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  • Writer's pictureJonathan Slonim

What differentiates the thousands of PE firms out there?

In 280 BC, King Pyrrhus of Epirus defeated the Romans in battle at great cost to his armies. His experiences gave rise to the saying “pyrrhic victory” - a regrettable triumph. Today’s private equity environment, characterized by high multiples and an oversupply of capital, has increased the risk of regrettable triumphs for investors. For decades, the top private equity firms have had access to “proprietary deals,” or those that don’t go to market. Unfortunately for LPs, those deals are becoming increasingly uncommon as more capital floods the space. It may be possible to find firms with truly differentiated deal flow, but, in the lower middle market especially, it is critical to identify firms who can bring a unique edge to competitive processes. There are two primary ways to create this edge and avoid pyrrhic victories: 1) find markets that are simply less competitive, and 2) offer better terms. We suggest asking a few simple questions to GPs as you evaluate investing alongside them.


What is your niche and how competitive is it?

Revenues between $50 and $500M, a market leading product or service, a stable history of growth, a stellar management team, and recurring cash flows… all investment criteria quite familiar to sponsors in the middle market. Companies meeting these criteria have a long list of suitors and will typically sell at hefty valuations. Sponsors should be assessing how their in-house expertise positions them to target less conventional opportunities. Firms with strong legal, financial or turnaround capabilities may look a bit closer at bankruptcies. At Ilion, our passion for small businesses leads our firm to pursue smaller deals than most firms would consider. Others might look into orphaned carveouts, highly regulated industries or cross-border transactions. The point: the best sponsors have a niche and own it.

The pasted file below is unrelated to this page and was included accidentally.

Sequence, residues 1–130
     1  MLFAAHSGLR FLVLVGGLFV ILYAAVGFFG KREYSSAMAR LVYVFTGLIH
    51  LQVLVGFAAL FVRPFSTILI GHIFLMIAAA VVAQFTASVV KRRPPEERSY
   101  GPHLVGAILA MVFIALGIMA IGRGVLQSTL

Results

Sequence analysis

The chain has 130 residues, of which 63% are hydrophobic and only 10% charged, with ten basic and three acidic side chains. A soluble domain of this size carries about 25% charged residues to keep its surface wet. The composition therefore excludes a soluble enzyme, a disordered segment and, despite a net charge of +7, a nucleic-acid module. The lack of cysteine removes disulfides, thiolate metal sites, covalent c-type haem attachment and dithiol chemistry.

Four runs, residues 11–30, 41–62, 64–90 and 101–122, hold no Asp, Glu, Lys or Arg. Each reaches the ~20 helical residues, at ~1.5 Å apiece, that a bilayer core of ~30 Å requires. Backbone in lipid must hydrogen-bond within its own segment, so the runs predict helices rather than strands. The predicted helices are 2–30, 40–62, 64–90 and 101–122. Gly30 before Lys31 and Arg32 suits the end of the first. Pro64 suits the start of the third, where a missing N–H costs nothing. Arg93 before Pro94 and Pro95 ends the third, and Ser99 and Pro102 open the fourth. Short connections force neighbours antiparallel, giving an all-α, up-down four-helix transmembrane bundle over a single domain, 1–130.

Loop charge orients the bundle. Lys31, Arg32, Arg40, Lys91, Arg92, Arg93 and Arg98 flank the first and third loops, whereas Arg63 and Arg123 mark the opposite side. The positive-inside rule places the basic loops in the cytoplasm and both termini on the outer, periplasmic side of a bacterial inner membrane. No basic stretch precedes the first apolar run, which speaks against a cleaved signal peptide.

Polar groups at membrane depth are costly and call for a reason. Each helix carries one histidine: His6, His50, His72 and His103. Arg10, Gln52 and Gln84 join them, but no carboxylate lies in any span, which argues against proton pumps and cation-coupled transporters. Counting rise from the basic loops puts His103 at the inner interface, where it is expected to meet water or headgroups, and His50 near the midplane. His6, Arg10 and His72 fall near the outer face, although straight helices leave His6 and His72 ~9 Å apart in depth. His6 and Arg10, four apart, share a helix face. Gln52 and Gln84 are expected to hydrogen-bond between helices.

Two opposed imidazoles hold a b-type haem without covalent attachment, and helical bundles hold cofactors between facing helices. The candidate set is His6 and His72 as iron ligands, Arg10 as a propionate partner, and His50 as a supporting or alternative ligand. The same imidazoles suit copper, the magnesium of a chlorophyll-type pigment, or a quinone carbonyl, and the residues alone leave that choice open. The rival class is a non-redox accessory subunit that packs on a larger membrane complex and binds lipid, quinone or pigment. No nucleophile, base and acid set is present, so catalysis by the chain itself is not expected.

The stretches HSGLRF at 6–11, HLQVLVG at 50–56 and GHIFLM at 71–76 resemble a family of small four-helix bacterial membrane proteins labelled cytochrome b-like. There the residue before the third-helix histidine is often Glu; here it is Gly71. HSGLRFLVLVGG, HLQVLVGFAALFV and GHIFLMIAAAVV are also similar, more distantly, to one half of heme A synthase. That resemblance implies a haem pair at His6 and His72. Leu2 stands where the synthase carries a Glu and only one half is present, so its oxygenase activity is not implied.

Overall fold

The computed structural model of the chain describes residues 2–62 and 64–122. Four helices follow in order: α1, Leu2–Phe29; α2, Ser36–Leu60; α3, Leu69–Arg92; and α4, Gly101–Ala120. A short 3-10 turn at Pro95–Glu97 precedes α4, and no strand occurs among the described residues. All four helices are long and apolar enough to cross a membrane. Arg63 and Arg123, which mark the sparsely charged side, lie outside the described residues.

What do you bring to a buyer that others don’t?

Many deals are still competitive regardless of the strategy, but there is almost always more on the table than money. In many cases, sellers have spent decades building their businesses, creating institutions of which they are rightfully proud. These sellers are focused on their legacies, employees, customers, and communities. Beyond the purchase price, sellers are looking for a buyer they can trust to meet their non-monetary objectives. Speed to close may be critical for a corporation looking to finish a carve-out by the end of the year or for a family business undergoing health or relationship issues. Founders usually look for a buyer who they are sure will steward their business through further decades of success. Sponsors must understand each seller’s unique motivations to make a deal and ensure communications, process, and terms address their needs.


Much has changed since Pyrrhus fought the Romans, but, unfortunately, the trap of regrettable triumphs remains. In this competitive market, true victories will accrue to investors who marry discipline and creativity and, as in any market, engage all counterparties with honesty and respect. “Buy low and sell high” is always hard in competitive markets, but a select number of managers are still able to do it. Asking these questions will help investors to identify those sponsors ahead of time.


What does this mean for sellers?

It is easy to think of selling your company as a win/lose proposition -- if an investor gets a good deal, doesn't that mean you got a bad deal? Fortunately, this way of thinking does not stand up to scrutiny. In every case the group buying your company knows that they need to provide a fair offer if they are going to have a shot at closing the deal. For sellers, the critical point is to decide ahead of time what are the most important criteria and to run the process with those criteria in mind. Price will be an important element, but plenty of owners have sold to the highest bidder only to see their company buckle under the weight of the debt used to acquire it. Just as investors must identify the groups that will bring a competitive edge to sourcing and closing deals, you should look to work with only those firms whose values and niche align with yours.

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